‘O-Town Kitchen’ crafts creative jams, helps mothers who are homeless

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OGDEN, Utah -- A Weber State University student has found a way to help homeless moms make money by selling some unusual goods at the farmers market.

"We're making apple jam today," said Isaac Farley, as he sorted through a box of apples.

He worked to prepare for a busy day in the O-Town Kitchen.

"We’re going to get these washed," he said, as he scooped up a handful of the crunchy fruit.

They had a lot of work ahead, to carefully cut and slice each apple. He and his crew planned to turn the batch into jam, which they’ve been selling jars of weekly at the Ogden Farmers Market.

O-Town Kitchen’s products—which include jams, jellies and breads—have been a hit. The popularity could be attributed to the outlandish flavors.

"We try to make stuff that you've never heard of, wouldn't see anywhere else," Farley said.

Customers can snatch up flavors like Root Beer, Watermelon, Pineapple and Tomatillo and Lime.

"Tomatillo and Lime has been our best seller of all time, ever," Farley said.

Or, it could be the cause that sets these products apart.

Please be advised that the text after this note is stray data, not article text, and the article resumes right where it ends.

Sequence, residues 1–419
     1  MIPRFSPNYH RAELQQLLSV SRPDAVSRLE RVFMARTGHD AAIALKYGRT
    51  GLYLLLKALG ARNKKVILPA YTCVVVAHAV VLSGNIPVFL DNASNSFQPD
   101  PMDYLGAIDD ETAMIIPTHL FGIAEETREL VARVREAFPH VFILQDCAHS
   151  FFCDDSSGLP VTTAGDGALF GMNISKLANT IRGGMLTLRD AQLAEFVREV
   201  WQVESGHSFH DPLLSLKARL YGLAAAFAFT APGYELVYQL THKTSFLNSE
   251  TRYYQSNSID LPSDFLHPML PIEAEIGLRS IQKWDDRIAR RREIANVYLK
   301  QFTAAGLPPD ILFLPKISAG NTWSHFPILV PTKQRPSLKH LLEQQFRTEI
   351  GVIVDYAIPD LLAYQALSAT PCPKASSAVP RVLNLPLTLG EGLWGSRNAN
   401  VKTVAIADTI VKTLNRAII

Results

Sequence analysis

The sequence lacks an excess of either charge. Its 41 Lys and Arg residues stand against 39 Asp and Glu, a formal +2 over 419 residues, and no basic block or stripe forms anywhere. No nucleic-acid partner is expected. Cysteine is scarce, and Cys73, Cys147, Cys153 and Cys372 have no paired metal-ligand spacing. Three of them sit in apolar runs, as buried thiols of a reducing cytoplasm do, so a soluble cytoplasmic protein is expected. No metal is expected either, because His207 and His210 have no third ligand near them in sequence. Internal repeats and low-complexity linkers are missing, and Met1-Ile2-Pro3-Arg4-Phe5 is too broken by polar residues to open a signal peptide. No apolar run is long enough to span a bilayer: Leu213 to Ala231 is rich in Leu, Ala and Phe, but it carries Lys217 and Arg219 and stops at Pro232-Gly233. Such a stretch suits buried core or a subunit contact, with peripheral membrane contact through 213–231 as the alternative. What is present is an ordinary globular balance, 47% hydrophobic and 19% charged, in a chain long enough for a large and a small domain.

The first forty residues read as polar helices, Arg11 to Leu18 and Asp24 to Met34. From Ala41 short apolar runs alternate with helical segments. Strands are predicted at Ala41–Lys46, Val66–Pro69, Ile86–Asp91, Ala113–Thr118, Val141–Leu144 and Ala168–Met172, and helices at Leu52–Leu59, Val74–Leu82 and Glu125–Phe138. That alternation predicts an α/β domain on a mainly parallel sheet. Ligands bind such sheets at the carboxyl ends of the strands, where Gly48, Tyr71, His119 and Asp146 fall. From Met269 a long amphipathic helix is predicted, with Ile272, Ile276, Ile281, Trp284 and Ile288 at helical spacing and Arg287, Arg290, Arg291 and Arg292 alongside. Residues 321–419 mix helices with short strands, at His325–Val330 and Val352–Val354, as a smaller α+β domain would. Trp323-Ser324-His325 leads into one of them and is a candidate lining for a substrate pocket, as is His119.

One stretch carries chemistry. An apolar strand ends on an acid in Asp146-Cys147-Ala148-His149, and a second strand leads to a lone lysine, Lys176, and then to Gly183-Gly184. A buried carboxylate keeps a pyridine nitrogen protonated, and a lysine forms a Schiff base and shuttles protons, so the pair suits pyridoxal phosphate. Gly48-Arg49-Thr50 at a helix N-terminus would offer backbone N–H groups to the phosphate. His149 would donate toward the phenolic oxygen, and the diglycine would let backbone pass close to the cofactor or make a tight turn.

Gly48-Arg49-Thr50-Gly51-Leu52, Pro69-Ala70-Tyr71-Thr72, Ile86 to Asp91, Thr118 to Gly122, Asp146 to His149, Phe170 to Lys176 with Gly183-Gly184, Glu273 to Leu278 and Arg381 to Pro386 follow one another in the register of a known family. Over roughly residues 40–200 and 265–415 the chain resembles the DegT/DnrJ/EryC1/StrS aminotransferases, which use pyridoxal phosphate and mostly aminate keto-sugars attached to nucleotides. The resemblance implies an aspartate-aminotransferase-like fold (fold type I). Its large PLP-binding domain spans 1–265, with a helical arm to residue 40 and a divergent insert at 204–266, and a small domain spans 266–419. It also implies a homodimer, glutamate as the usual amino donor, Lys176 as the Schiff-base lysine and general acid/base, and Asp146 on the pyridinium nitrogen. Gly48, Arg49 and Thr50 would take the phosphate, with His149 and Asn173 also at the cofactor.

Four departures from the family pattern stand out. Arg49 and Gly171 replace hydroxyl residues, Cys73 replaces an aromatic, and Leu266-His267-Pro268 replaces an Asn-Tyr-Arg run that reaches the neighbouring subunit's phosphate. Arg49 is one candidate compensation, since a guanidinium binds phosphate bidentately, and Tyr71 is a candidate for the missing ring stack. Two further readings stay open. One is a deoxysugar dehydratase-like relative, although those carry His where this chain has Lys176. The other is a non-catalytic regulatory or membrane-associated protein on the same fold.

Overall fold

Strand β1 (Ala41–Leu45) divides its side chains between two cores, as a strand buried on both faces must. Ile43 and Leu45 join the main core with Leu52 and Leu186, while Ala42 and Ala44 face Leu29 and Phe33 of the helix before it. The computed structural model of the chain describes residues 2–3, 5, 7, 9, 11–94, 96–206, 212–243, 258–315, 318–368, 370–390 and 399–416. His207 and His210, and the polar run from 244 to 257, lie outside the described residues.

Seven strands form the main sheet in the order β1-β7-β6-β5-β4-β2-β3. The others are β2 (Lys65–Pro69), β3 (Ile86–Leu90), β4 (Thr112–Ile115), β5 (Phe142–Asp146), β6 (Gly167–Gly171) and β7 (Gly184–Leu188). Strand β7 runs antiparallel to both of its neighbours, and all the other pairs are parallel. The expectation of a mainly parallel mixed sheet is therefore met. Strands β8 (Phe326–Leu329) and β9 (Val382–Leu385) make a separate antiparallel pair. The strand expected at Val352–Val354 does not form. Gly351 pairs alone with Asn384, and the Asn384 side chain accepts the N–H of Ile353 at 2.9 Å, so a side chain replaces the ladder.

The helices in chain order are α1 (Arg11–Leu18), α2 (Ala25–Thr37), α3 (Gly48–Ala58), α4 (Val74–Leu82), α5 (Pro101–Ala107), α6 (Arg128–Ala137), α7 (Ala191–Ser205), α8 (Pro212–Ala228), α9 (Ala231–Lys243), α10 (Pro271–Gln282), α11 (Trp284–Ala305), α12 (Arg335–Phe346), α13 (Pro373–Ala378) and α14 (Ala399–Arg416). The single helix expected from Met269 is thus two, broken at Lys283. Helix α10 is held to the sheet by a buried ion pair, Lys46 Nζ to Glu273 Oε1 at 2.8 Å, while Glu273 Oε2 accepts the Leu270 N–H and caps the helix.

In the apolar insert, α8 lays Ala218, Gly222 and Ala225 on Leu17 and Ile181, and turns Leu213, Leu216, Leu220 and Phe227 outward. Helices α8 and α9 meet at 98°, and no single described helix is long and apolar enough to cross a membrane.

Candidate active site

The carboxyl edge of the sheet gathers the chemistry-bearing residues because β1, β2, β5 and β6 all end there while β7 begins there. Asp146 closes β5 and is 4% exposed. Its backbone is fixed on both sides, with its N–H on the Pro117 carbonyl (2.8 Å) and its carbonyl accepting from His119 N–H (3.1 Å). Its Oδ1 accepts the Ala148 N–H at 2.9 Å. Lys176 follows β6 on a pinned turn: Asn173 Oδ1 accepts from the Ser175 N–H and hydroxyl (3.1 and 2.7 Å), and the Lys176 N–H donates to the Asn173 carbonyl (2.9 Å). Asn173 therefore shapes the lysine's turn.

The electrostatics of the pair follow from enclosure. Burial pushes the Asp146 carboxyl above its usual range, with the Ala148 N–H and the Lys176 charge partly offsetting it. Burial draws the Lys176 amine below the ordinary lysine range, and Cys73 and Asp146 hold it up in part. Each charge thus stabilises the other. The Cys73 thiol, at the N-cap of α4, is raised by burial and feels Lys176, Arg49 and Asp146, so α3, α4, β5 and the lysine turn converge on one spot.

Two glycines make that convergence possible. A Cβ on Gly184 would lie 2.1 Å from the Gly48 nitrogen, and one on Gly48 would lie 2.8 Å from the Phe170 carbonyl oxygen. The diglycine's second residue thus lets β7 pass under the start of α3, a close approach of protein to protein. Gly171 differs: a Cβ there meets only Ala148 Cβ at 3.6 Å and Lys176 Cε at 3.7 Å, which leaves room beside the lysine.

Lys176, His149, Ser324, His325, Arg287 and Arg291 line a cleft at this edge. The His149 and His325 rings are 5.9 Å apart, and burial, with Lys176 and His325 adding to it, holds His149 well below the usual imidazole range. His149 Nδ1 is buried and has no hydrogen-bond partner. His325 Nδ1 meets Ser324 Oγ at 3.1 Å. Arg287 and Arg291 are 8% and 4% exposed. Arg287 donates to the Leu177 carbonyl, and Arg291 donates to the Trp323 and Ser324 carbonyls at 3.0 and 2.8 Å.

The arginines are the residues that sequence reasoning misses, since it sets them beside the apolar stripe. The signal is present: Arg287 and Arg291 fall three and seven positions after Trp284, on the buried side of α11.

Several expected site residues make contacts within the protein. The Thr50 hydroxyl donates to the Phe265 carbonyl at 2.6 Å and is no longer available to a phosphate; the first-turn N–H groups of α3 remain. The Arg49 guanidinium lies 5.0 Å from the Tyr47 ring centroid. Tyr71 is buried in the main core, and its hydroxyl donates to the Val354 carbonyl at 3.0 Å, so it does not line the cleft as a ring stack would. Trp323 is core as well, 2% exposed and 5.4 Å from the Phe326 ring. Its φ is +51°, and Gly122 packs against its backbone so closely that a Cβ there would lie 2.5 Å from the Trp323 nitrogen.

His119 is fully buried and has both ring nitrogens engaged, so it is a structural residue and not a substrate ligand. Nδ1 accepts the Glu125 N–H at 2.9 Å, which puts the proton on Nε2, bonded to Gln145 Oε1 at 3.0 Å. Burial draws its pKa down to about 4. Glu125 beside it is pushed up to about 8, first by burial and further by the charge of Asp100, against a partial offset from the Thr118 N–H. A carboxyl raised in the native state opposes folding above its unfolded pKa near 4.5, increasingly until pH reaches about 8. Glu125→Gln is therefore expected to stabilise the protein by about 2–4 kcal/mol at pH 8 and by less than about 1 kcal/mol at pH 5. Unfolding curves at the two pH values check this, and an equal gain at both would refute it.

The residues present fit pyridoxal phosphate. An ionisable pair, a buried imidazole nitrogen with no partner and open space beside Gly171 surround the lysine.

"We employ homeless moms," Farley explained.

Moms like Ashley Cameron, who has four children. She said she’s been down a rough road and needed a job.

"It's helped me feel more comfortable in the transition into real life, working on my own," she said.

Farley’s own personal experiences inspired the idea for the non-profit. His family went through homelessness growing up.

"I really kind of understood the struggle of moms who don't have a place to stay or kids that are just in tough situations," he said.

Now, Farley attends Weber State University with his friend Nestor Robles. O-Town Kitchen is actually a project the two are working on for school.

"I thought it would be a great opportunity to help him out, help the community out, and also I would also get experience in how to start a business," Robles said.

They pull their produce from food destined for the landfill, taking what the food bank can’t give away.

"We started picking up leftover food produce from local food pantries here in Weber County,” Farley said. “That's where all the stuff that we use comes from."

They do all the cooking at the Your Community Connection (YCC) Family Crisis Center in Ogden.

Clients staying at the center get hired on as employees. Money made from the farmers market goes to the workers.

Farley and Robles hope to keep growing O-Town Kitchen and hire more employees. They even see the idea taking off in other communities.

While the pair will get class credit for this project, they know the moms they help will gain so much more: a chance to get back on their feet.

Cameron said she’s been able to start school again.

“I've just taken more and more steps to better myself and my life," she said.

2 comments

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